The N-methyl-D-aspartate (NMDA) receptor plays important roles in synaptic plasticity and brain development. The NMDA receptor subunits have large intracellular domains in the COOH-terminal region that may interact with signal-transducing proteins. By using the yeast two-hybrid system, we found that calmodulin interacts with the COOH terminus of the NR1 subunit and inactivates the channels in a Ca2+-dependent manner. Here we show that protein kinase C (PKC)-mediated phosphorylation on serine residues of NR1 decreases its affinity for calmodulin. This suggests that PKC-mediated phosphorylation of NR1 prevents calmodulin from binding to the NR1 subunit and thereby inhibits the inactivation of NMDA receptors by calmodulin. In addition, we show that stimulation of metabotropic glutamate receptor 1alpha, which potentiates NMDA channels through PKC, decreases the ability of NR1 to bind to calmodulin. Thus, our data provide clues to understanding the basis of cross-talk between two types of receptors, metabotropic glutamate receptors and the NR1 subunit, in NMDA channel potentiation.

    The Journal of biological chemistry 1997;272;33;20805-10

  • A novel pair of immunoglobulin-like receptors expressed by B cells and myeloid cells.

    Kubagawa H, Burrows PD and Cooper MD

    Department of Pathology, Division of Developmental and Clinical Immunology, University of Alabama, Birmingham, AL 35294-3300, USA.

    An Fcalpha receptor probe of human origin was used to identify novel members of the Ig gene superfamily in mice. Paired Ig-like receptors, named PIR-A and PIR-B, are predicted from sequence analysis of the cDNAs isolated from a mouse splenic library. Both type I transmembrane proteins possess similar ectodomains with six Ig-like loops, but have different transmembrane and cytoplasmic regions. The predicted PIR-A protein has a short cytoplasmic tail and a charged Arg residue in the transmembrane region that, by analogy with the FcalphaR relative, suggests the potential for association with an additional transmembrane protein to form a signal transducing unit. In contrast, the PIR-B protein has an uncharged transmembrane region and a long cytoplasmic tail containing four potential immunoreceptor tyrosine-based inhibitory motifs. These features are shared by the related killer inhibitory receptors. PIR-A proteins appear to be highly variable, in that predicted peptide sequences differ for seven randomly selected PIR-A clones, whereas PIR-B cDNA clones are invariant. Southern blot analysis with PIR-B and PIR-A-specific probes suggests only one PIR-B gene and multiple PIR-A genes. The PIR-A and PIR-B genes are expressed in B lymphocytes and myeloid lineage cells, wherein both are expressed simultaneously. The characteristics of the highly-conserved PIR-A and PIR-B genes and their coordinate cellular expression suggest a potential regulatory role in humoral, inflammatory, and allergic responses.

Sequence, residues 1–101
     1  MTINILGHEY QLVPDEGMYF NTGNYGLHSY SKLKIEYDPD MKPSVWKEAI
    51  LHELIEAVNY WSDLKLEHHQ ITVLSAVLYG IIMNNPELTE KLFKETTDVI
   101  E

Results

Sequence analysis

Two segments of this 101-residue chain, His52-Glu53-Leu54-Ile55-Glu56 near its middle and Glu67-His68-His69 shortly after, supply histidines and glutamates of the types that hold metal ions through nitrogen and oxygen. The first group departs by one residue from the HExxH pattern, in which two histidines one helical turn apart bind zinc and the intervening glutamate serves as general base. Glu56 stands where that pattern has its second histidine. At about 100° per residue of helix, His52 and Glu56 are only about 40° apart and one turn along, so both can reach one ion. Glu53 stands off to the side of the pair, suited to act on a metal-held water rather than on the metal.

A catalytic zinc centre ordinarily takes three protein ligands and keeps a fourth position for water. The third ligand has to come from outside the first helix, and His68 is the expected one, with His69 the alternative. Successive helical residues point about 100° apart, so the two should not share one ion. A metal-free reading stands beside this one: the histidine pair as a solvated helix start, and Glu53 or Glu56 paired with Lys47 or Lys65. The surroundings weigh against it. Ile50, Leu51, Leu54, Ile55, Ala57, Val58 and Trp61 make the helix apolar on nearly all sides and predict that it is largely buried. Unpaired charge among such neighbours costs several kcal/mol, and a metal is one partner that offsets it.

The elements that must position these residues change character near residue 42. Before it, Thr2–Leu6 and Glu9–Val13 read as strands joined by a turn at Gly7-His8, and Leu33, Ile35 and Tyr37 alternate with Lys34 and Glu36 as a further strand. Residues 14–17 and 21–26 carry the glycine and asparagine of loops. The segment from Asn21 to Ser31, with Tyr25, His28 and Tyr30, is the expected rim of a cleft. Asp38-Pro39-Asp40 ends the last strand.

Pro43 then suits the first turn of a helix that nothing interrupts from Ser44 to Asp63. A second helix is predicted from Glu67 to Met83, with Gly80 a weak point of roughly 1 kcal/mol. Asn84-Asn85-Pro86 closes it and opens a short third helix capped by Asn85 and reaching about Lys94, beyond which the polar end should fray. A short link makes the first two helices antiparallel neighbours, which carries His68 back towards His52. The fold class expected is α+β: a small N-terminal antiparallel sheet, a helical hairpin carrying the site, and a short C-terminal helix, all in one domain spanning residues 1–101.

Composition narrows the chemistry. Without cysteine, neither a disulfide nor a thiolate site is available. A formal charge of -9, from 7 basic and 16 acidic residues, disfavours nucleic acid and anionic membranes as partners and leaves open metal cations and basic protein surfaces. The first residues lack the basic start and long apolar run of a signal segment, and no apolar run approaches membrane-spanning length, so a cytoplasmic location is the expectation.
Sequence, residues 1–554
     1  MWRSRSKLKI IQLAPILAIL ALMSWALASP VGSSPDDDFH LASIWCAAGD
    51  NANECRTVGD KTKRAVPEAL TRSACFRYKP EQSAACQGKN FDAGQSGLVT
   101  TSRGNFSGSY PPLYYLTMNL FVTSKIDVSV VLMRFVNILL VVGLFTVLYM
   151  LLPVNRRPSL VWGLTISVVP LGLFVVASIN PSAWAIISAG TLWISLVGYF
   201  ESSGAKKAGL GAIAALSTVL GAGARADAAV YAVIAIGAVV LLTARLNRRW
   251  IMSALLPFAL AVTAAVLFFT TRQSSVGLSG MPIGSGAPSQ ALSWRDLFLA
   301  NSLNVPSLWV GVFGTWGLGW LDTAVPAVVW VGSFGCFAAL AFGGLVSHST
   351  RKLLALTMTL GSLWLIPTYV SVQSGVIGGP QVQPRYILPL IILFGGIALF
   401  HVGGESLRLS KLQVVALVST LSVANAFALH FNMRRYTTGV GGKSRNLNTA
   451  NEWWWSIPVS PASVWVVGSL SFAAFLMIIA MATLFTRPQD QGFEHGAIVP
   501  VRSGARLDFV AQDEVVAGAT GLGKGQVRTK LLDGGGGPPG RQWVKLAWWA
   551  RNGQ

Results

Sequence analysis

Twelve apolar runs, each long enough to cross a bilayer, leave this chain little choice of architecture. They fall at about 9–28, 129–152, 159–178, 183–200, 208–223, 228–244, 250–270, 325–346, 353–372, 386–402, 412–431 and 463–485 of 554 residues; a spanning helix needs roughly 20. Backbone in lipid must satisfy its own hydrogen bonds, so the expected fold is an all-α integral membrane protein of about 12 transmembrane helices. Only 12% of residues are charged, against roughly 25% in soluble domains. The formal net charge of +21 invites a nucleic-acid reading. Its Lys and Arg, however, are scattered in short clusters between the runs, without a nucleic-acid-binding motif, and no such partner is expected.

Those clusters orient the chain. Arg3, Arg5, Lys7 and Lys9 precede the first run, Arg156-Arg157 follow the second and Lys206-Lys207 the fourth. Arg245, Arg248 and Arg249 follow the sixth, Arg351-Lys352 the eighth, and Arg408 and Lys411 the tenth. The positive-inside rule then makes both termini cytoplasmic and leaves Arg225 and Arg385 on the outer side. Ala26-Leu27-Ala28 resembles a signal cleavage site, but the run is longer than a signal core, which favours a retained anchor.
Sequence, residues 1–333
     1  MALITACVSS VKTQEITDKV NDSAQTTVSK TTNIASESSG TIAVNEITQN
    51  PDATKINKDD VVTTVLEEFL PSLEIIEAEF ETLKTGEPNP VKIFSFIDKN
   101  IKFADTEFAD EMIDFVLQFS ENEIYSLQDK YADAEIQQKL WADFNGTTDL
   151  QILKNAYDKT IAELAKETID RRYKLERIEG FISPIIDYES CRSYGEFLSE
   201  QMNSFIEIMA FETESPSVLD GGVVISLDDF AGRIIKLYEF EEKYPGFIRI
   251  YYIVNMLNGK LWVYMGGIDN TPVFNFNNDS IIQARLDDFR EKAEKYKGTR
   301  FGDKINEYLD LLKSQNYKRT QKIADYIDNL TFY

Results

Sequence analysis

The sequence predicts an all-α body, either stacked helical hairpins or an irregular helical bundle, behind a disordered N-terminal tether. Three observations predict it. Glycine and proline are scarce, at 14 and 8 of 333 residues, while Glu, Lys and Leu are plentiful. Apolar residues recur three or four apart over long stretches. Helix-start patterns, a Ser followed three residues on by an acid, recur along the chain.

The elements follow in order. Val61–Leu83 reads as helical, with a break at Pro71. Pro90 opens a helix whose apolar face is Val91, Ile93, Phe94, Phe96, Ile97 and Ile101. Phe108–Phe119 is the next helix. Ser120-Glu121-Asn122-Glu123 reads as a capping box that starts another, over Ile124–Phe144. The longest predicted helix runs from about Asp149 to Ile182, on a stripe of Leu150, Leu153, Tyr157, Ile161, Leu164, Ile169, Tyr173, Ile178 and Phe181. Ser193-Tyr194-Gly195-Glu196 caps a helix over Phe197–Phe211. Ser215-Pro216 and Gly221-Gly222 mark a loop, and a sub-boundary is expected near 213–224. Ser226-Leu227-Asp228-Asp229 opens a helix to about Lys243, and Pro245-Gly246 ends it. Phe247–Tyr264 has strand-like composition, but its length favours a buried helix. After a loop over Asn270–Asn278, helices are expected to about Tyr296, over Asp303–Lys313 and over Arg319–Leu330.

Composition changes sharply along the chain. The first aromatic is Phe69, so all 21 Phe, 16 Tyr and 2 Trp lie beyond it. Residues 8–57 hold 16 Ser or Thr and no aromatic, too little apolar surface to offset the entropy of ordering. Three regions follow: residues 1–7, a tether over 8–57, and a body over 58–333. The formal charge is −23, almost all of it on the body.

Funded by: NIAID NIH HHS: AI34568, AI39816, R01 AI039816, R37 AI039816

    Proceedings of the National Academy of Sciences of the United States of America 1997;94;10;5261-6

  • Isolation of novel tissue-specific genes from cDNA libraries representing the individual tissue constituents of the gastrulating mouse embryo.

    Harrison SM, Dunwoodie SL, Arkell RM, Lehrach H and Beddington RS

    National Institute for Medical Research, London, UK.

    A total of 5 conventional, directionally cloned plasmid cDNA libraries have been constructed from the entire embryonic region of the mid-gastrulation mouse embryo and from its four principal tissue constituents (ectoderm, mesoderm, endoderm and primitive streak). These libraries have been validated with respect to the number of independent clones, insert-size and appropriate representation of diagnostic marker genes. Subtractive hybridisation has been used to remove clones common to the Endoderm and Mesoderm cDNA libraries resulting in an Endoderm minus Mesoderm subtracted library. Probe prepared from this subtracted library has been hybridised to a grid containing approximately 18,500 Embryonic Region library clones. Three novel clones have been recovered as well as expected genes already known to be highly expressed in the primitive endoderm lineage at this stage of development. In situ hybridisation to early postimplantation embryos has revealed the expression patterns of these novel genes. One is highly expressed exclusively in visceral endoderm, one is expressed in ectodermal and endodermal tissues, and the third proves to be an early marker of prospective and differentiated surface ectoderm as well as being expressed in endoderm and its derivatives.

    Development (Cambridge, England) 1995;121;8;2479-89

  • Three different calmodulin-encoding cDNAs isolated by a modified 5'-RACE using degenerate oligodeoxyribonucleotides.

    Skinner TL, Kerns RT and Bender PK

    Department of Biochemistry and Anaerobic Microbiology, Virginia Tech., Blacksburg 24061.